Lest anyone one believe that such vicious partisan misrepresentation is an anomaly for Mr. Blumenthal, we wish to call our readers’ attention to the brief but telling discussion David Horowitz provides of this darling of the Left in his riveting memoir, Radical Son: A Generational Odyssey, just published by the Free Press. Toward the end of the book, Mr. Horowitz describes the “journalistic firing squad” that assembled to discredit him and his longtime collaborator, Peter Collier, after their political conversion in the 1980s from radical Marxism to—well, we suppose we would have to call Mr. Horowitz’s position Neoconservative. In fact, it is what would once have been called a moderate liberalism. As Mr. Horowitz explains,
the conservatism I had arrived at could be expressed in a single patriotic idea: The revolutionary failures of the Twentieth Century had demonstrated the wisdom of the American founding, and validated its tenets: private property, individual rights, and a limited state.
For espousing such perfidious beliefs, Messrs. Horowitz and Collier have been regularly calumniated as “renegades,” “McCarthyites,” and worse by all the usual left-wing hatchet men: Alexander Cockburn, Christopher Hitchens, Eric Alterman, Todd Gitlin, and Hendrick Hertzberg. On one occasion, Susan Sontag’s son David Rieff literally spat at Mr. Horowitz. In a feature for The Washington Post, Mr. Blumenthal wrote that
when Horowitz abandoned radicalism, he also left his wife and three children, escaping into conservatism and Beverly Hills. “When I was a Marxist, I was puritanical,” he said. “Then I got loose.”
Mr. Horowitz comments: “There was hardly a detail in these sentences that was accurate. I had four children, not three; years separated my divorce from my political change of heart; I didn’t ‘escape’ into conservatism; I never lived in Beverly Hills; the phrase about getting ‘loose’ was pure invention.” Clearly, Mr. Blumenthal is someone who lives by Lenin’s terrifying dictum that the aim of political debate is not to win the argument but rather to obliterate your opponent from the face of the earth.
Radical Son is a powerful and moving book. In the deepest sense, it is a book about growing up, politically, intellectually, spiritually. The “odyssey” that Mr. Horowitz describes—from his youth as as a “red diaper baby” and his involvement with Ramparts magazine and Huey Newton and the Black Panthers to his conversion in the aftermath of the murder of a friend by the Panthers—is a journey from the destructiveness of self-infatuated utopianism to an acknowledgment that freedom without limits brings tyranny, not liberation. “The more I thought about the moral posturing of the Left,” Mr. Horowitz writes in his chapter “Second Thoughts,”
the more I saw that its genius lay not in reforms but in framing indictments. Resentment and retribution were the radical passions. In The Eighteenth Brumaire, Marx had invoked a dictum of Goethe’s devil: “Everything that exists deserves to perish.” It was the progressive credo. To the Left, neither honored traditions nor present institutions reflected human nature or desire; the past was only a dead weight to be removed from their path. When the Left called for “liberation,” what it really wanted was to erase the human slate and begin again in the year zero of creation.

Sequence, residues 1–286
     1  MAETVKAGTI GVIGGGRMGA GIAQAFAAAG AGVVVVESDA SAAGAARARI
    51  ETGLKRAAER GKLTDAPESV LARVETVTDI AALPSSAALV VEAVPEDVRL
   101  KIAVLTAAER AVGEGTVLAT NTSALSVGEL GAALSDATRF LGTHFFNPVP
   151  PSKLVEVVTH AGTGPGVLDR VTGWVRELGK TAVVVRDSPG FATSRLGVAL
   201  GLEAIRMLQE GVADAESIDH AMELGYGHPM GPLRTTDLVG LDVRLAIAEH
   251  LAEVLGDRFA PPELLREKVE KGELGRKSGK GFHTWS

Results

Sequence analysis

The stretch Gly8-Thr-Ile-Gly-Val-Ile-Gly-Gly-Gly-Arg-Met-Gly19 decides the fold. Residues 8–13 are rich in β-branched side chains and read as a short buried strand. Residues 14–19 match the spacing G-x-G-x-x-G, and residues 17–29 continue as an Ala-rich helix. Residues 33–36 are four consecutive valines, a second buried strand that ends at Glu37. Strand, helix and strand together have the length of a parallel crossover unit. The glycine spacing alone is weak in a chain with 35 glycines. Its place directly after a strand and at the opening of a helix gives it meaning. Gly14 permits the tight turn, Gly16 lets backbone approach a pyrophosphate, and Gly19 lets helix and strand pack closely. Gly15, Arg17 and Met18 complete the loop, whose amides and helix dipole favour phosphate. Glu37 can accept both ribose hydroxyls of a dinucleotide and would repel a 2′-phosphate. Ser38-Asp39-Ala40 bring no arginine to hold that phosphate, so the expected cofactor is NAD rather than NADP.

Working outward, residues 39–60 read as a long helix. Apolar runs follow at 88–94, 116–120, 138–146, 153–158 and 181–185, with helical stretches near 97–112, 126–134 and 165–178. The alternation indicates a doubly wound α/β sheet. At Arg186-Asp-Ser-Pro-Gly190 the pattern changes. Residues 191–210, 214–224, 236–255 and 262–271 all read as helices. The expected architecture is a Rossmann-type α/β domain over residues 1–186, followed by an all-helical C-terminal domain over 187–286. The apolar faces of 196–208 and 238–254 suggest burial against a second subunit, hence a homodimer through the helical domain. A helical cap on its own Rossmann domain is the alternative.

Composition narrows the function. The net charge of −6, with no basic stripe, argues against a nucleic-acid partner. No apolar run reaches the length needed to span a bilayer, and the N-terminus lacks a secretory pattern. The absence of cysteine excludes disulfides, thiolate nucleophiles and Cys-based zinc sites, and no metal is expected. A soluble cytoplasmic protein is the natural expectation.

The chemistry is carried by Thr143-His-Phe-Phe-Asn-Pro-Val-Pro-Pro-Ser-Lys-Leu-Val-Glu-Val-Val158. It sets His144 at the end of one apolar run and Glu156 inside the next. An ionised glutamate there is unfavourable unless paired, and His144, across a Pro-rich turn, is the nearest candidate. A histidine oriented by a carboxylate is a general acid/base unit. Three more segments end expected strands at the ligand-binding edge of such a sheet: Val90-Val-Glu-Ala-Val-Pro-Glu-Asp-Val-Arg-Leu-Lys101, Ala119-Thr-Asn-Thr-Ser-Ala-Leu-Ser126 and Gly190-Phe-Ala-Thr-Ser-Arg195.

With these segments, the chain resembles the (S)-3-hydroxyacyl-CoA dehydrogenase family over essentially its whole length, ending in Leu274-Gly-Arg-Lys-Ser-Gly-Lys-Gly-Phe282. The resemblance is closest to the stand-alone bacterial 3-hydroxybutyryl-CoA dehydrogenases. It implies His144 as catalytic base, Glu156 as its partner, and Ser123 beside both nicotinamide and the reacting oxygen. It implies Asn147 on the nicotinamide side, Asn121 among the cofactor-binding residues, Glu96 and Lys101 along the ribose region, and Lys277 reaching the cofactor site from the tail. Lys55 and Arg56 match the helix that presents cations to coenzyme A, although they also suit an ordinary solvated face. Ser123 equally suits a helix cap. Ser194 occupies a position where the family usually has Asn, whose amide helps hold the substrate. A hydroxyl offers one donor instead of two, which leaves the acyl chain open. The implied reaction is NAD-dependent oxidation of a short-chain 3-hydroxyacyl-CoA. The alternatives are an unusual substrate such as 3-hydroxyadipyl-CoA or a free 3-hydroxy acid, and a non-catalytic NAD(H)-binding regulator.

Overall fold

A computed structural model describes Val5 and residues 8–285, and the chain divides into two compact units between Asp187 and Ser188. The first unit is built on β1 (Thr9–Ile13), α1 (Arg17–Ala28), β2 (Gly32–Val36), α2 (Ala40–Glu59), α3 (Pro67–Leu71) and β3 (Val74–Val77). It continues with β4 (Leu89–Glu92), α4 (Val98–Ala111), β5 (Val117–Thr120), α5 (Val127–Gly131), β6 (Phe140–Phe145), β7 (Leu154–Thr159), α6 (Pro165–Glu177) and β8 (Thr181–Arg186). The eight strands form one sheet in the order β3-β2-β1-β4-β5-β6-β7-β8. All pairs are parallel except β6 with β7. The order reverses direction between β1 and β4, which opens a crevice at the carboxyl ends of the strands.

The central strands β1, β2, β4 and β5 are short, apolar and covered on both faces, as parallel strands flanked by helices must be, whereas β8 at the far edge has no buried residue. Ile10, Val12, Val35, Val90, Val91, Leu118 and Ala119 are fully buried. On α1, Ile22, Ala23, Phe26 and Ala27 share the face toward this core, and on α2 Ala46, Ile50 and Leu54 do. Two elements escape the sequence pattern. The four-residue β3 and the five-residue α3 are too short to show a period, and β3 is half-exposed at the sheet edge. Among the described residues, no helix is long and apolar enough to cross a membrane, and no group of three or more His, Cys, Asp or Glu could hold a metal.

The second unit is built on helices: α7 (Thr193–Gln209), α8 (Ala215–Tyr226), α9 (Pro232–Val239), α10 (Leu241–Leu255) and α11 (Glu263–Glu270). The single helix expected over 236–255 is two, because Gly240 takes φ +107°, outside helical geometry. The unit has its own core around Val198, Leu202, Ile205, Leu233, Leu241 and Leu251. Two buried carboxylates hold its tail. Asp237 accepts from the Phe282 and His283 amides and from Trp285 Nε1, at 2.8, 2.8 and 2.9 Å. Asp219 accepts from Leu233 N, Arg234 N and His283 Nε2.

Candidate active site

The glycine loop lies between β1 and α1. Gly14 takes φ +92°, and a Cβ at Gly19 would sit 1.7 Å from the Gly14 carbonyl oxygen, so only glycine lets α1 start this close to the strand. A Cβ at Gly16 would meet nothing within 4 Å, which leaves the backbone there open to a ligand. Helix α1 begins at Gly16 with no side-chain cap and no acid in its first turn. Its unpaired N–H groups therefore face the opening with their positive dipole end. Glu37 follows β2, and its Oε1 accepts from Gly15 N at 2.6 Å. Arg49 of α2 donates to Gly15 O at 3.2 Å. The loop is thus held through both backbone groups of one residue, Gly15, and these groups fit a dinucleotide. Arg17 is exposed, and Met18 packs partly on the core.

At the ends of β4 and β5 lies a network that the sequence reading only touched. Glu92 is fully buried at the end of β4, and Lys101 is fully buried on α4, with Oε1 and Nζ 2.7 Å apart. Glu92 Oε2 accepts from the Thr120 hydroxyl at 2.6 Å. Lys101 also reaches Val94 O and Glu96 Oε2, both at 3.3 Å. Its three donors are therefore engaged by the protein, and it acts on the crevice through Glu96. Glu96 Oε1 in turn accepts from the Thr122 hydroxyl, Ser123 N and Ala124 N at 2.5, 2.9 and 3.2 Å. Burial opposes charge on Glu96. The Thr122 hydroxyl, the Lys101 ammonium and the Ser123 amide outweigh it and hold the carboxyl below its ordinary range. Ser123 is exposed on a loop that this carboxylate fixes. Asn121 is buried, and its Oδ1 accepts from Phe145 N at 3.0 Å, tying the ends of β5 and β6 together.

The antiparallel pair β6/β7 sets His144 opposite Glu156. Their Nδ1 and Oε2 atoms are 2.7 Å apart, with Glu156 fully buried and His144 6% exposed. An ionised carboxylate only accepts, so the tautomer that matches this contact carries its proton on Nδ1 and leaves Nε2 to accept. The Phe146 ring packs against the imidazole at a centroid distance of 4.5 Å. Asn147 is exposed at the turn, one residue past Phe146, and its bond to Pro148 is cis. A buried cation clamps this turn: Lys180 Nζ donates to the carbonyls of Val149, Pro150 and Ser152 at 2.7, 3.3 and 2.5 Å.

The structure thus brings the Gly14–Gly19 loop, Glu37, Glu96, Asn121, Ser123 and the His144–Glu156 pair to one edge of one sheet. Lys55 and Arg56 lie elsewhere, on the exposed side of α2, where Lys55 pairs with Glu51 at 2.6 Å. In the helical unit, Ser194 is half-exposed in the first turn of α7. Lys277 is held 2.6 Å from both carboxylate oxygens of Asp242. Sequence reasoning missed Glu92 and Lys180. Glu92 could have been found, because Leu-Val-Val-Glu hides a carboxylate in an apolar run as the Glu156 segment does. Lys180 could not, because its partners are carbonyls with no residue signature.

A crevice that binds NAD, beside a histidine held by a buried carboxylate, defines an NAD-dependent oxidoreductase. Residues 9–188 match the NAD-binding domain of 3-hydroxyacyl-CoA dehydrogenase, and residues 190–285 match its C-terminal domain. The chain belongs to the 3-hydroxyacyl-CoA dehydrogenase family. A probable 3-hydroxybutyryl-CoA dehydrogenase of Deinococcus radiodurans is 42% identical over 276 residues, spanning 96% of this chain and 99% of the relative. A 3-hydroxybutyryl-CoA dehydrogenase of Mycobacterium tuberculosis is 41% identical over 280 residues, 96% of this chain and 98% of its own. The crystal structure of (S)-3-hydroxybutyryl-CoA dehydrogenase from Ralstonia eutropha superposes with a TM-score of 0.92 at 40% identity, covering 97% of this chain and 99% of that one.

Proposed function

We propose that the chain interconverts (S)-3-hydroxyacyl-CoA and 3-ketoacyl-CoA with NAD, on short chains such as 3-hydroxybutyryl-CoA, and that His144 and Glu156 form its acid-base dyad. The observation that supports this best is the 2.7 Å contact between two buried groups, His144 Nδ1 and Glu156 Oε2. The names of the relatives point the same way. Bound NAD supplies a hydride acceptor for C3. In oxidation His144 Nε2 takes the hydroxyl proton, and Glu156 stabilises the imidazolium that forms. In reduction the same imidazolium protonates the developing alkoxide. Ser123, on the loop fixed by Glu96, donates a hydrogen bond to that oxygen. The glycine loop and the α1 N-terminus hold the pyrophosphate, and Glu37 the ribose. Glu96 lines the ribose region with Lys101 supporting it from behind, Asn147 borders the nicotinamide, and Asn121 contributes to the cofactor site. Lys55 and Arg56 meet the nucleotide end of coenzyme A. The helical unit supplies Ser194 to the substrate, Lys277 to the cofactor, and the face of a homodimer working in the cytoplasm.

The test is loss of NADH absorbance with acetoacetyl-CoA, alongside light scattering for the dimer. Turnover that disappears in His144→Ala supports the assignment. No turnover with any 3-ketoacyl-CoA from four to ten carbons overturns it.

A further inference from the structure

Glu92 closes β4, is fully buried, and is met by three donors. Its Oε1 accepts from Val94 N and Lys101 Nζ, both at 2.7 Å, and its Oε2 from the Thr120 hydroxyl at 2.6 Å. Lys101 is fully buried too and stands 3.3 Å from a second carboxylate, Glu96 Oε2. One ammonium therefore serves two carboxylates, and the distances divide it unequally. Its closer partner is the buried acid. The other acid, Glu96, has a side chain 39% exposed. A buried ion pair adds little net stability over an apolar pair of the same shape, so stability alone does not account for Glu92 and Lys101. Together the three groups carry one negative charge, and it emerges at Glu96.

Radical Son is full of harrowing personal detail—Mr. Horowitz has been through a great deal in his fifty-odd years—but the book’s real importance lies not in its anecdotal revelations or even in its political message but in its embrace of a chastened realism, a modesty not personal but metaphysical. Writing about the history of his collaboration with Peter Collier, Mr. Horowitz reflects that
our former comrades were always saying things like “smash monogamy,” and putting the family under attack as an oppressive institution. But in our work [we] had come to appreciate two things. The first was the resilience and creativity of the family, which invents and heals its wounds and endures, and finally gets its members out of the messes they got themselves into. The second was that the family was a theater for lessons about the finite nature of the human enterprise. Its reality flew in the face of the radical utopians who felt they were going to live forever. They had failed to see the tragic dimension of human nature—that the pell-mell embrace of the ineffable and the infinite, the future without consequences, is dangerous.
The idea that men can be as gods and re-create a paradise on earth is the serpentine promise of the Left. It is an idolatry that overshadows all others. When men put on the mantle of gods and attempt to remake the world in their own image, the results are hideous and destructive beyond conception.
This is a wisdom that, although fraught with political implication, goes far beyond partisan politics. In the end, the importance of Radical Son lies less in its tale of political conversion than in its frank acknowledgment of the seductive sources of human folly.
This article originally appeared in The New Criterion, Volume 15 Number 8, on page 2
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